Saturday, May 13, 2017

The trip across the top....

Like all good things in life, this trip is coming to an end and draws short on time.  We had to scurry across the top of the US, picking up our son from college in Minnesota, and getting back to Massachusetts for other of life's responsibilities.  Here's some of what we saw on the 2,000 miles across...

We stopped at the Minute Man Missile National Historic Site in Philip, South Dakota.  One interesting thing we learned is that with our treaties with Russia, we've gotten rid of 450 of the damn things.  But we still have 450 left, buried in Silos in the ground, ready to take off for any target around the world.  Each is about 20 times more powerful than the bomb dropped on Hiroshima.  

My dad spent his professional life working for Lockheed in Charleston, S.C., who made (make) the submarine-based Polaris and Poseidon missiles.  During the cold war, there were no doubts that our town was heavily targeted by the Soviets.  I don't like the things.

Anyhow, here's a bit of humor from one of the Minute Man Missile Silos:

We briefly visited the Corn Palace in Mitchell South Dakota, because we were camped there.  I thought it would be really silly, and maybe it was.  However...

They did have some AMAZING graphics made out of corn ears.  Here's my all-time favorite singer, player, and song writer, Willy Nelson, out of corn.  All that black is ears of black corn, and the yellow, obviously, yellow corn.  To the sides you can see tufts of corn rush.  They had a lot more images of  pop stars around the corner....

Eastern South Dakota, Minnesota, and Wisconsin were farm country, and the big agricultural chemical giants advertised heavily.  Their goal is to get farmers to buy "Roundup Ready" seeds.  These seeds have been genetically modified to make them resistant to the Roundup Herbicide.  You're supposed to plant the seeds, and then hose your field down with Roundup, which kills all the other plants except your genetically resistant plant, increasing your crop yield.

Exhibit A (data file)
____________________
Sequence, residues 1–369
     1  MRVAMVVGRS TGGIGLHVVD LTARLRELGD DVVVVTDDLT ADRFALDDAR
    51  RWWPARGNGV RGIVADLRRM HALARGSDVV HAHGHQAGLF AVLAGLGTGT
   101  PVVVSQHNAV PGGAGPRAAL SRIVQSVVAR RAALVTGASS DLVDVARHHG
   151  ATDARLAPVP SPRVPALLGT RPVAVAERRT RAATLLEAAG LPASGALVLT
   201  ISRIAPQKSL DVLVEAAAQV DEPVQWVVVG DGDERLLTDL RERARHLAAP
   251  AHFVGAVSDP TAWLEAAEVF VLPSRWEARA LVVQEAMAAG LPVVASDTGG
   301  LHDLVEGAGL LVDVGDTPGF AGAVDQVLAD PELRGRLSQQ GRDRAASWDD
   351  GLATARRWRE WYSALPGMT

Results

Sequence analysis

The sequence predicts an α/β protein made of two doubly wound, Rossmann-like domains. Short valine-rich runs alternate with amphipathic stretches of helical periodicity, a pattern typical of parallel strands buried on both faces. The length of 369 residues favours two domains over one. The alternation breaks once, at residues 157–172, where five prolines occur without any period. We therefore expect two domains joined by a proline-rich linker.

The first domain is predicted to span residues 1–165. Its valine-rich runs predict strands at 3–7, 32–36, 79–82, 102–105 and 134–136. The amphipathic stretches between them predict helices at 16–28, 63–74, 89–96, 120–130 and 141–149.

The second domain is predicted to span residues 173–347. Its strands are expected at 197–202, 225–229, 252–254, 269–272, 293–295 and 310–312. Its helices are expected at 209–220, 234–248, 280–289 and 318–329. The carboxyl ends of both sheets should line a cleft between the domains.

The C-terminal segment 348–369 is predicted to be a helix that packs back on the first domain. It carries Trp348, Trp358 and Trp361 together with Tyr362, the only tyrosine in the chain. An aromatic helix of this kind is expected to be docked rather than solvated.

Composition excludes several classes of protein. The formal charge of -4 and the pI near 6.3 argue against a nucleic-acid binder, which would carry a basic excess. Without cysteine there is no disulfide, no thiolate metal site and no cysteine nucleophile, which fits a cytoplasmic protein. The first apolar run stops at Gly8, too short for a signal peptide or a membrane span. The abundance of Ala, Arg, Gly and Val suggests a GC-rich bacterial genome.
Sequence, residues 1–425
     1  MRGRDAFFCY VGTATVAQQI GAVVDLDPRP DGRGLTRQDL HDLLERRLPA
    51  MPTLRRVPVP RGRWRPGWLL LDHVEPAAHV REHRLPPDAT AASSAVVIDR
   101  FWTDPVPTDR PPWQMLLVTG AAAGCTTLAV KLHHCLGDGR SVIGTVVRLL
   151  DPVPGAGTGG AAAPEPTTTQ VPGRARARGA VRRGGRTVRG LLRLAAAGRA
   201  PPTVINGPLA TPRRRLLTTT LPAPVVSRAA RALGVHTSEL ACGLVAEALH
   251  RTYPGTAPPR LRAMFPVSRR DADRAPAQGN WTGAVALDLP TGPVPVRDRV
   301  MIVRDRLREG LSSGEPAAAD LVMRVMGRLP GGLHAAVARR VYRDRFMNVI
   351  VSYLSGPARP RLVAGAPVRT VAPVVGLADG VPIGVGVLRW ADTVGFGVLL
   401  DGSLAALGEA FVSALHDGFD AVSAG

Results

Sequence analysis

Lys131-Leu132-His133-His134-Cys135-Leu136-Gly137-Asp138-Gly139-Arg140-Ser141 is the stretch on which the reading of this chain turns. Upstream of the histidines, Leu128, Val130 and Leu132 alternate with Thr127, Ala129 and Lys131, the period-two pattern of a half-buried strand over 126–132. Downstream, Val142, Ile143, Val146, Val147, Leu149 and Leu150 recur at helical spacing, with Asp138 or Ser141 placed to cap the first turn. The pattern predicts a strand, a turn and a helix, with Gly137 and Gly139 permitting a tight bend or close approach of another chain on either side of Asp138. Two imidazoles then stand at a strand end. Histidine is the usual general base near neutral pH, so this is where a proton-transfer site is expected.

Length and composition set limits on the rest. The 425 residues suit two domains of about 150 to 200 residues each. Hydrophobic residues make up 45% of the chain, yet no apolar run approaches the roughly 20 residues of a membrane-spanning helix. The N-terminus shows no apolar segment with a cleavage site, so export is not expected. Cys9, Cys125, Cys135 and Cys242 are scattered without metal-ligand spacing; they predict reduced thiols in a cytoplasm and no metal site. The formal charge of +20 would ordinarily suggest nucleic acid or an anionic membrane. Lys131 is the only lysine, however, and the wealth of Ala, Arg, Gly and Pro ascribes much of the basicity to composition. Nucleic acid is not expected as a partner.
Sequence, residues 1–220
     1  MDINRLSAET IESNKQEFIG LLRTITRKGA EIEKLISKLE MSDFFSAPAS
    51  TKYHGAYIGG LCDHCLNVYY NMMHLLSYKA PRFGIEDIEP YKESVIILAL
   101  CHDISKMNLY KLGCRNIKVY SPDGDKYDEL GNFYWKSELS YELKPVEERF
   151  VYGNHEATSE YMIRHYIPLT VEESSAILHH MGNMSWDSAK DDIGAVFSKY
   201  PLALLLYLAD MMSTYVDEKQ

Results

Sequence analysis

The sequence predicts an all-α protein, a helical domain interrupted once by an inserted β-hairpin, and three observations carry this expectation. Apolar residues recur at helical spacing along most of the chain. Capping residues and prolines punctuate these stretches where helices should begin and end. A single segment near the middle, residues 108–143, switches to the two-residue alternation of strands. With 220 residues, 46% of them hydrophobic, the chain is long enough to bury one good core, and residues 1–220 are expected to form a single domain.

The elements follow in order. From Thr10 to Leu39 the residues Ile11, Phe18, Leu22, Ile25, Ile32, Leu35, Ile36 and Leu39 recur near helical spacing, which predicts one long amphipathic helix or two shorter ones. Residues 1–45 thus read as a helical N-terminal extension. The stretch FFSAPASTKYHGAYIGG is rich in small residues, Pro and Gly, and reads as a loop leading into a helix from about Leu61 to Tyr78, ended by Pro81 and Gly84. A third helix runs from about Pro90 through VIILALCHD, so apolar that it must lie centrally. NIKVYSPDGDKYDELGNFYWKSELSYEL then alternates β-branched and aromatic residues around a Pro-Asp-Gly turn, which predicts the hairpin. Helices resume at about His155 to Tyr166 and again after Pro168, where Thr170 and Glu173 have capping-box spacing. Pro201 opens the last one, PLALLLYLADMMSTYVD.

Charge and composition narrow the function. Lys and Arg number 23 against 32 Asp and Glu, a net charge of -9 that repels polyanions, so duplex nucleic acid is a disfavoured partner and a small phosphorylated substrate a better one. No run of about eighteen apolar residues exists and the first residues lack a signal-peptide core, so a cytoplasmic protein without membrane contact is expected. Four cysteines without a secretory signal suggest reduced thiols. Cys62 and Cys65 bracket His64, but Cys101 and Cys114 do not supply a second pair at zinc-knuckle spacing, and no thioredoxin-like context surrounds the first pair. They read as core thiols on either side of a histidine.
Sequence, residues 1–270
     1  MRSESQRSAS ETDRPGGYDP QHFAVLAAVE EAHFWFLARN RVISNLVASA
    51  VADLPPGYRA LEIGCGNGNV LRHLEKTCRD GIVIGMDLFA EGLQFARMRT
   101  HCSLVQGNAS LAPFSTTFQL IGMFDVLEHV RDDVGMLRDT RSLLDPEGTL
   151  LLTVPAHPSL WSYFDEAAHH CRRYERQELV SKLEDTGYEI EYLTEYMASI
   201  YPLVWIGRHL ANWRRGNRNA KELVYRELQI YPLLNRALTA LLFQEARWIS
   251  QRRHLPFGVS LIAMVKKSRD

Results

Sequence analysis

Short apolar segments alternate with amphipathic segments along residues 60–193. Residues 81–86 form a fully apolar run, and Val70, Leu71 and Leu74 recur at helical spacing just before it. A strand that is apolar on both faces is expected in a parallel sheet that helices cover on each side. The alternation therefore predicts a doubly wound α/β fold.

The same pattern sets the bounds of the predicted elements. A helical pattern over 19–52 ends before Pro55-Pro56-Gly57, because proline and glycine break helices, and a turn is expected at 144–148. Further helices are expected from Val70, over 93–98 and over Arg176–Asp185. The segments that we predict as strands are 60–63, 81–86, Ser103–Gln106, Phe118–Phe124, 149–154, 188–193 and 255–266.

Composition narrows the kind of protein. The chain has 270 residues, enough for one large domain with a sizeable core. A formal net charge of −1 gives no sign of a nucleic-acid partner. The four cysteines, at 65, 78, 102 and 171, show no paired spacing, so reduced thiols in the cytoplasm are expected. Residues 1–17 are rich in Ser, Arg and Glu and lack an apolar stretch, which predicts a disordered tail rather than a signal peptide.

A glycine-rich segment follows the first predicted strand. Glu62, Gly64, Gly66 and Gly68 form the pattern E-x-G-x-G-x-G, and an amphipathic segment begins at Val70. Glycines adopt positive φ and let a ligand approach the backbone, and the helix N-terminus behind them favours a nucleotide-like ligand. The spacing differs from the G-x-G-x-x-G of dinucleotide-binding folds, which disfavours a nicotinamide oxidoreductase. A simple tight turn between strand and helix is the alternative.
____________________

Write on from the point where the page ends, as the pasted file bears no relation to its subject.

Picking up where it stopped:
So first, you pay them for the seed, then you pay them for the Roundup.  Most of these seeds are what are called terminator seeds, which means that they are not genetically viable.  So, you can't just take the seeds from your crops and use them to plant the next year's crops.  In essence, you're trapped into buying more seeds from the agro-chemical company every year...and more Roundup.

The problem, of course, being that spreading poison out in the ecosystem is never a good thing.  Recent news reports have included a lot of law suits against the makers of Roundup, alleging that it is a carcinogen.  Others think that there's a direct correlation between the increased use of Roundup and colony collapse in bee populations.

Near my son's college in Mankato, MN, is a small herd of  Buffalo that are in a Prairie Restoration effort.  Conservationists think that having a large herbivore is necessary to maintain the natural prairie conditions that would have historically existed here.  This is kind of cool, because when my son first looked at the college, this restoration effort had not started.  Since then, they've fenced a huge tract of land, introduced the buffalo, and done controlled management of undesirable plant species.  Apparently, there's one male and 14 females here.  They all look youngish and much smaller than the wild ones we saw in South Dakota.

I like septic truck humor.  You gotta appreciate someone that has that tough job and can still joke about it.  This sewage sucking service truck is a little hard to read, it says "Yesterday's...Meals On Wheels."  I've seen others that said "My Wife Keeps Her Nose Out of My Business," and one with a couple playing cards shown that said "A Straight Flush Beats a Full House Any Day."

We camped in western New York at Evangola State Park by Lake Erie.  There was a huge windstorm with big waves.

It was wicked cold.

But none-the-less beautiful

Sunset over Lake Erie

This was part of a series of cool long granite mountains, oriented Northeast along the St. Lawrence River - leftover from the period of glaciation that scoured out the St. Lawrence.

Looking across the St. Lawrence in Quebec.

Please follow these instructions.

An amazing hillside of yellow Coltsfoot flowers.  We have never seen so many so densely growing.

Trans-Canada highway in Quebec.

Well now, here's a sign you don't see every day...

That's just one more place that we didn't have time to visit and take photographs :-)

No comments:

Post a Comment